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This shows how bacteria clogs your clothes and what your fabric should ideally look like.

Sport Suds cleans your machine and rids it of mold, mildew and bacteria hibernating inside. Once you have a clean machine, every time you wash your clothes with Sport Suds you’re allowing the fabric to return to it’s natural state by unclogging the fibers.

For really stinky stuff it can take up to three washes before you notice a difference. Once it’s gone though, it’s really gone for good (if you continue using Sport Suds).

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This big guy last forever!

The best part of this product is the cost. At first glance a tub of Sport Suds is $60. You will probably have a sticker coma and completely pass over sticker shock. Look closer though. A tub at $60 gives you 140+ loads of laundry in a traditional machine. In an HE machine it’s even more. I’ve had my tub for just under a year and it’s still not empty. I do laundry up to 3-4 times a week. I’ve done the comparison and it’s the best deal on the market for anyone. You can buy a $10 dollar bottle of other laundry detergents that will give you 40 loads, but I would go through that in less than a month.

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All kinds of good goes into this product.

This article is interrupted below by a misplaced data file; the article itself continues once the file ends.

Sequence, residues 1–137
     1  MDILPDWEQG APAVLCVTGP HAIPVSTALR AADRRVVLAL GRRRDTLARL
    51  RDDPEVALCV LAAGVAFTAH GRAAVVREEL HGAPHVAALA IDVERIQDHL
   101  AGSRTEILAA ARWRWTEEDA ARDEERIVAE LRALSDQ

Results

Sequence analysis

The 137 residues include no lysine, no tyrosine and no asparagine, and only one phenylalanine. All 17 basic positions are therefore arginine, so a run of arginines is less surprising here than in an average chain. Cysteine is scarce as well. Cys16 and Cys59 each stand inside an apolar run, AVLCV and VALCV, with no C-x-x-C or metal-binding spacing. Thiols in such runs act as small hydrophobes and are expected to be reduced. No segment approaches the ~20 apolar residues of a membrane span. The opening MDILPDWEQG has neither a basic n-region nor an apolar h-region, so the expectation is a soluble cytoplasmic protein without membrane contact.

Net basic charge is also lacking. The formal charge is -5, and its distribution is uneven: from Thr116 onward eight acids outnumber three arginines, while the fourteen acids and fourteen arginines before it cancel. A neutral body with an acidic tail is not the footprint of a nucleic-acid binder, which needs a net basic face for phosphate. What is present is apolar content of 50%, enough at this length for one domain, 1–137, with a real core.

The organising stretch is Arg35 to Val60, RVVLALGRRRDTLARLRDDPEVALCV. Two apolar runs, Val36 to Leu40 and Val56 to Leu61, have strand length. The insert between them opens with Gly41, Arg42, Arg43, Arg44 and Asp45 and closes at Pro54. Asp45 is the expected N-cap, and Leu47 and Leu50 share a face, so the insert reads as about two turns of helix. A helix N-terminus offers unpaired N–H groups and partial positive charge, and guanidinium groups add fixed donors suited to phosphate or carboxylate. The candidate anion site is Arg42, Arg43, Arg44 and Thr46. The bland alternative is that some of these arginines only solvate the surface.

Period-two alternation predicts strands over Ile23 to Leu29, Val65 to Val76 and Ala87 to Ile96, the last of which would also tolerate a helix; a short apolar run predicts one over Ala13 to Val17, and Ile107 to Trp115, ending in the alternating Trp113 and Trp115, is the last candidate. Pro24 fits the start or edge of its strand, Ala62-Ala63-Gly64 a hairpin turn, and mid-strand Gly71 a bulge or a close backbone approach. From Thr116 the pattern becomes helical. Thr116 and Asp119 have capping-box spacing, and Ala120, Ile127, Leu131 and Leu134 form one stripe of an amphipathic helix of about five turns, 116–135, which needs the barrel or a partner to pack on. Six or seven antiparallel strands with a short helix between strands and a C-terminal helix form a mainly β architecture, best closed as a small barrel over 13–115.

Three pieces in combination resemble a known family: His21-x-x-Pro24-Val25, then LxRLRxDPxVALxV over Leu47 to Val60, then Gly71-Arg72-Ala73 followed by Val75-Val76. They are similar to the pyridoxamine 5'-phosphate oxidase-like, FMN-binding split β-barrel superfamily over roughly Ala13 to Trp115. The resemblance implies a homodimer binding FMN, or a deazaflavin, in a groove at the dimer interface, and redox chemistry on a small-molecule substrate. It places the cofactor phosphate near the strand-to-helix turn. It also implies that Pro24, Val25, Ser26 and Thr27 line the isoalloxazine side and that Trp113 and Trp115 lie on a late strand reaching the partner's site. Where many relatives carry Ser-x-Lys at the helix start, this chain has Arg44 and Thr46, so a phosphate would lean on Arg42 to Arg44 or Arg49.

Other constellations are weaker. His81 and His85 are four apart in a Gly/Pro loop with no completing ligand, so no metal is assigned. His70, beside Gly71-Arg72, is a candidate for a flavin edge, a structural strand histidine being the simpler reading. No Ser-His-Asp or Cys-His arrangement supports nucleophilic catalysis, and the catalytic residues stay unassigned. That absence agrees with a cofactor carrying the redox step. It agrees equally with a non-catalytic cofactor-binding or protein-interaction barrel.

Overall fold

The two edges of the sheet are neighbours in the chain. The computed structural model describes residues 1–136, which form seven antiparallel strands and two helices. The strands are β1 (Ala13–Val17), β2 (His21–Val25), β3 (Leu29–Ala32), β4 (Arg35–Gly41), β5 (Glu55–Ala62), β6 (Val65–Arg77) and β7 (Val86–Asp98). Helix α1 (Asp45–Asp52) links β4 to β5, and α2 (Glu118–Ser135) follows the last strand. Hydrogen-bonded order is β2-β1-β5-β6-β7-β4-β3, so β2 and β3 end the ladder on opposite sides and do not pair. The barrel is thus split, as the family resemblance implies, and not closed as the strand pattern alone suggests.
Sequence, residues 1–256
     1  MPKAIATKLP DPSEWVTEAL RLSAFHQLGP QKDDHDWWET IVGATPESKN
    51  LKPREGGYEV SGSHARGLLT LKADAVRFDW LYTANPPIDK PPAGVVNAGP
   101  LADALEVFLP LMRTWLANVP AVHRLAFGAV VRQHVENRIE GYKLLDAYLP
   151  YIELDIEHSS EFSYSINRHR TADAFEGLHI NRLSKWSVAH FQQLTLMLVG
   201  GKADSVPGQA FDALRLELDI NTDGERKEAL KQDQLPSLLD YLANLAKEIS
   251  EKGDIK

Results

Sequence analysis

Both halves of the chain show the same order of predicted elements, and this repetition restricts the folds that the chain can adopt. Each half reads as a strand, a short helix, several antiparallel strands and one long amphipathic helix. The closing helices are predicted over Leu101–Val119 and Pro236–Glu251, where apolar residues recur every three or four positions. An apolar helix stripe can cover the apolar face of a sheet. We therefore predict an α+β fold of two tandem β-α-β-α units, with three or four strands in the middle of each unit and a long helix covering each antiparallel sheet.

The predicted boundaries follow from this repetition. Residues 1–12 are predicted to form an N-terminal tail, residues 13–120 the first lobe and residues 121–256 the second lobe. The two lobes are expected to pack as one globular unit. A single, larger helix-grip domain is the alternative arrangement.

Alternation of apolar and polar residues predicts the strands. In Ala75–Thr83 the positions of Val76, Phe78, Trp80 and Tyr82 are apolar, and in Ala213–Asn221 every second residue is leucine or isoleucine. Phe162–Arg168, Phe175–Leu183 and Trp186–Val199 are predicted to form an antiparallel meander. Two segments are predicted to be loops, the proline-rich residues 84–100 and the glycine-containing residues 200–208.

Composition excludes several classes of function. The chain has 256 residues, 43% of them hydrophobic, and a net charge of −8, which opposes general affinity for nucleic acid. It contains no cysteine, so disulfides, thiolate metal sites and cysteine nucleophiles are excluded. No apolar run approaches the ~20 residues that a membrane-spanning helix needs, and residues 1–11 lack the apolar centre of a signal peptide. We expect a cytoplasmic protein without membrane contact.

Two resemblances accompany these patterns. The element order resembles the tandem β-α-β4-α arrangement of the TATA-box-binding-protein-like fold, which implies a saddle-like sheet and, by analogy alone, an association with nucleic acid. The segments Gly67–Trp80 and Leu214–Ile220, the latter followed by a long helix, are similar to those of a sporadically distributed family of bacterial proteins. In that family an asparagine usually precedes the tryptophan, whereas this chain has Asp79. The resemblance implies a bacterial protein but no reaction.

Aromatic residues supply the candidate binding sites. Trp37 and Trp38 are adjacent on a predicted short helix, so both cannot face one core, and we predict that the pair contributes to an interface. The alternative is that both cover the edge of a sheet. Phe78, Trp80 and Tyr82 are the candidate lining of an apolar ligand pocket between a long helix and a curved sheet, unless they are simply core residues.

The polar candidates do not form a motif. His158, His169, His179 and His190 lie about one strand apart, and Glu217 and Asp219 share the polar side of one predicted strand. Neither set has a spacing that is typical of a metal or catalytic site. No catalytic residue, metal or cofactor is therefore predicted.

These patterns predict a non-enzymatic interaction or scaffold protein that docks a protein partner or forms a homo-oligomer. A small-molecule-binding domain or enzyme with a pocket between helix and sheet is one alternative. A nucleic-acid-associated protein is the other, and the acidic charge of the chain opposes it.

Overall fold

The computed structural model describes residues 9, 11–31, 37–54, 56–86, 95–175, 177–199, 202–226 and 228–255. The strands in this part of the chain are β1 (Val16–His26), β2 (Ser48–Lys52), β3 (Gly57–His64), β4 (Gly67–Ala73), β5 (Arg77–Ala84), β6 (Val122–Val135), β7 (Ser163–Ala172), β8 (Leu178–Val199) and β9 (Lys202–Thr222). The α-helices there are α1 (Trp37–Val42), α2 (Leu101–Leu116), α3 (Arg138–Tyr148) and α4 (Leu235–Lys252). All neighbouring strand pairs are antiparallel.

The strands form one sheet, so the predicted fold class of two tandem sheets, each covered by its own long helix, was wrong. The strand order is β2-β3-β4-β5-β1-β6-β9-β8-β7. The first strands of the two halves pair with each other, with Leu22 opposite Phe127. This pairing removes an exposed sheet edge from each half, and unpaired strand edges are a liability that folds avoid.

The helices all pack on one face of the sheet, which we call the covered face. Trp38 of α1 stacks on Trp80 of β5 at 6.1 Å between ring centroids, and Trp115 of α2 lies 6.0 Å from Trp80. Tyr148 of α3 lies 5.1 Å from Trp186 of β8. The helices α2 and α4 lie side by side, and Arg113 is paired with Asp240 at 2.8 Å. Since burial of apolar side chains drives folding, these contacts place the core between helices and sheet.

I live in my run clothes. As someone who works in the running industry, my running clothes are my “office” attire. I can’t go to a meeting at a running store smelling like a funky sweat mess. Sport Suds is the ONLY thing I will use now.

My Top 5 Favourite Things about Sport Suds:

  1. It’s all natural, biodegradeable and Vegan
  2. It is safe to use in creeks, lakes and Septic tanks, as there are no harmful chemicals. (Camping just got way better for me)
  3. Allows all your tech fabrics to actually work again. (They will whisk and absorb like they were meant to)
  4. I no longer have to separate my laundry. No more piles of run clothes and fun clothes. I wash my most disgusting run gear with my favourite haute couture dresses. True Story. Everything comes out smelling neutral.
  5. It works the same in both hot and cold water.

Here’s the deal folks. I’m giving away one Sport Suds Laundry room combo kit.

It’s simple to enter.

Like Sport Suds Facebook page: https://www.facebook.com/sportsuds

Follow Sport Suds on twitter: https://twitter.com/sportsuds

Comment below and share what gear you have that you’d love to rescue.

I’ll keep this contest open till next Monday so get in your comments and extra points for social media posts that include the hashtag #holidaysdonthavetostink

Good Luck and stay tuned on this one – there are some surprise bonus additions that will be added.

Check out my other Social Media links to stay tuned for other great contest coming soon!

I Ran a F**king Ultra!


My First 50 Miler!

The day before the race:

I got up, went to the best pancake house in town. The Dipsea Café and waited patiently for the San Francisco Running Company across the street to open up. This store is the coolest running store and I love everything in it! The best part is it’s the place to situate yourself during The Northface challenge weekend to see all the famous ultra runners. Sure enough, moments after I walked through the door so did Sally McRae. I have watched her documentary and followed her online. She is an amazing athlete and after meeting her in person, I can say she is super sincere and so friendly. What did we talk about? Shoes of course!